PARENTAL PARTICIPATION IN IEP PROCESS IS A CRITICAL FEATURE UNDER IDEA- DURING IEP MEETINGS AND IMPLEMENTATION OF SERVICES

One of the complaints I often hear from parents is that the school is not allowing them to be a part of the decision-making process. They are allowed to speak at the IEP meetings only to have their opinions and ideas shot down by the school district. At the end of the IEP meeting they are presented an offer of FAPE in a take it or leave it manner. Lawmakers designed the IEP process to be collaborative and, as such, nobody should leave an IEP meeting feeling like they were not an important part of the process.

According to the IDEA, the IEP team shall include parents of the child with a disability. (20 USC Section 1414(1)(B)) Parents are listed first in order as IEP team members. Often times, parents are not represented by an advocate or attorney at the IEP meeting. Therefore, lawmakers devoted an entire section of the IDEA to procedural safeguards. (20 USC 1415) Some of those safeguards are:

  • Notice of meeting (time, purpose, location, and who will be in attendance);
  • Right to bring others with knowledge/expertise regarding the child;
  • Meeting scheduled at a mutually agreed upon time and place;
  • Alternative means of participation;
  • Right to a copy of the evaluation reports and any other documents considered in making decisions by the IEP team;
  • Right to an Independent Educational Evaluation (if parents disagree with a district’s evaluation); and
  • Right to due process.

When formulating an IEP, a school district “must comply both procedurally and substantively with the IDEA,” M.L. v. Fed. Way Sch. Dist. 394 F.3d 634,664 (9th Cir. 2005) (citing Rowley v. Hendrick Hudson Sch. Dist. 458 U.S. 176 (1982), so that the process will be informed not only by the expertise of school officials, but also by the input of the child’s parents or guardians,” Endrew F. v. Douglas City Sch. Dist. 580 U.S. (March 22, 2017). (M.C. v. Antelope Valley Union High Sch. Dist. No. 14-56344 (9th Cir., March 27, 2017)) The courts recognize the parents have a unique perspective on their child and observe their child in a multitude of situations.

Parental participation shall be meaningful. Meaningful participation is more than attendance at the IEP meeting. (Amanda J. v. Clark County Sch. Dist. 260 F.3d 1106 (9th Cir. 2001) District representatives are allowed to meet before an IEP meeting to develop a proposal or response that will be discussed at a later meeting. (34 C.F.R. 300.501(b)(3)) School districts should never say “we don’t do that here” or “we won’t consider that.” It prevents the parties from collaborating and builds mistrust.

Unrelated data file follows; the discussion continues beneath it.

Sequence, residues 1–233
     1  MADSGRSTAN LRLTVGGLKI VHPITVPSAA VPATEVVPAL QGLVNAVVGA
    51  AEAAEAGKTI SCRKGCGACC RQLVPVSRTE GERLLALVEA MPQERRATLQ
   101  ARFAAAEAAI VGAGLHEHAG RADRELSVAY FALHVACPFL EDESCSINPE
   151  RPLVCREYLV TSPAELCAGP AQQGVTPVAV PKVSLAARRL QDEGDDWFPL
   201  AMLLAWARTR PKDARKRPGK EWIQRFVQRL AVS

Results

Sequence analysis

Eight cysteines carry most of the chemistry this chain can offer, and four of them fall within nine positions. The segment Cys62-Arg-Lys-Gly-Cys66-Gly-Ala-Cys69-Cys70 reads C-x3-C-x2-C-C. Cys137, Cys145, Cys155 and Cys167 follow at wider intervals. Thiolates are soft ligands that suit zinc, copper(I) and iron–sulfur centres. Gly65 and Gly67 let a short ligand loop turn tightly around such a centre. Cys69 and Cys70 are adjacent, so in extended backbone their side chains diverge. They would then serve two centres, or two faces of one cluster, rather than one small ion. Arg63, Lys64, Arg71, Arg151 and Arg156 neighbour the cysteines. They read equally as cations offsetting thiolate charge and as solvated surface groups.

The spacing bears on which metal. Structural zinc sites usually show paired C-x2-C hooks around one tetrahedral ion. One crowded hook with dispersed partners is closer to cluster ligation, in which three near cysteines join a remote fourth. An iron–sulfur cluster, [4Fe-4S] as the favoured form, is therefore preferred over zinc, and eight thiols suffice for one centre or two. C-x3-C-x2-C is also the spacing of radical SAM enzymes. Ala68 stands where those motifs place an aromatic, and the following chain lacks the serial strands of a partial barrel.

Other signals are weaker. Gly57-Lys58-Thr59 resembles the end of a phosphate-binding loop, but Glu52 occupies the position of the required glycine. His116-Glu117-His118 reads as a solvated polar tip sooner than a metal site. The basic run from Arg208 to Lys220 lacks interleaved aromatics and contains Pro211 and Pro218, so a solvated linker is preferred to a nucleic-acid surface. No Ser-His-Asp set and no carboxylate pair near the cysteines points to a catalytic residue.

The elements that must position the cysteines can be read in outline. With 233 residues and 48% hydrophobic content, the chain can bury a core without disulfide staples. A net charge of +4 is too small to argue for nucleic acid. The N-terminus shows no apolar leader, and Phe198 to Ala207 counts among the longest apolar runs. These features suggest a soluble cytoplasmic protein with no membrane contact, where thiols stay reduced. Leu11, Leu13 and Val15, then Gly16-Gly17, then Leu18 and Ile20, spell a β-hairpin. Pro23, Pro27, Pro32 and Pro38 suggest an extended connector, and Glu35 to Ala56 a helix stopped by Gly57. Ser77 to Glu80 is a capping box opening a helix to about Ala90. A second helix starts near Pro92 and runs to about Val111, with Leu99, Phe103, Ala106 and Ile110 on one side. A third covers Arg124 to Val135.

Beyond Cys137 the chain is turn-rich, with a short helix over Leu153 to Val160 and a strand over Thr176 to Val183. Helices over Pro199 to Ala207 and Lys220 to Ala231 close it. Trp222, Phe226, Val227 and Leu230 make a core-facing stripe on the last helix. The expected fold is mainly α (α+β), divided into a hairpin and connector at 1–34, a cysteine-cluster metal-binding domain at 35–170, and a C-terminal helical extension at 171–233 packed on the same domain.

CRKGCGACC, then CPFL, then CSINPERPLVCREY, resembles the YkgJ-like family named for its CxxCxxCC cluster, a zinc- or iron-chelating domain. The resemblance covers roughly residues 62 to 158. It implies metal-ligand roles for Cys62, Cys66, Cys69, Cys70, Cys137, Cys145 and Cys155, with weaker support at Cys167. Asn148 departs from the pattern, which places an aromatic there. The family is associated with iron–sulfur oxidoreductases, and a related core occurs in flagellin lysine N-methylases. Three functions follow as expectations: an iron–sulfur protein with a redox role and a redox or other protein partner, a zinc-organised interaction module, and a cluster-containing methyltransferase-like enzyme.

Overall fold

The court frowns upon school districts lack of transparency during the IEP process, as well as during the implementation of the IEP. Congress is just as concerned with parental participation in the enforcement of the IEP as it is in the formation.  (Rowley 458 at 205) Parents must be able to monitor and enforce the services that their child is to receive. When a parent is unaware of the services offered to the student—and, therefore, can’t monitor how these services are provided—a FAPE has been denied, whether or not the parent had ample opportunity to participate in the formulation of the IEP.  (M.C. at 14)

If you have a question about whether your legal rights to participate in the IEP process has been less than meaningful, give me a call at 925-551-1041. Each case is unique to a specific set of facts and must be analyzed separately.

 

(Note: This Blog/Web Site is made available for educational purposes only as well as to give you general information and a general understanding of the law, not to provide specific legal advice. The website has been designed to be a resource for information on matters that might be of interest to current or potential clients but does not establish that relationship. For further information visit my Disclaimer page- https://specialedlegaljourney.com/about/disclaimer/)

MEDIATION IN SPECIAL EDUCATION CASES

In California, approximately 96% of due process complaints filed with the Office of Administrative Hearings are resolved without a hearing….

Parents and school districts often experience positive relationships. There are times, however, where differing perceptions of what the student needs and can accomplish arise and create a barrier to reaching an agreement. Parents and school districts can disagree about which educational program, methodology, or service is necessary.

In 2004, when Congress amended the IDEA, mediation was added as a procedural safeguard to resolve disputes between parents and school districts.  20 U.S.C. Section 1415(e) requires school districts establish procedures to resolve disputes through a mediation process, at minimum when a hearing is requested. Mediation is  a voluntary process where a third party (mediator) assists parties who have come together to resolve a dispute. In California, parties can request mediation with or without filing for a due process hearing.

The reauthorized IDEA also added a requirement that the local educational agency shall convene a meeting within 15 days of receiving notice of a parents’ request for a due process hearing. This meeting is called a resolution session. The resolution session is guided by law in that it shall: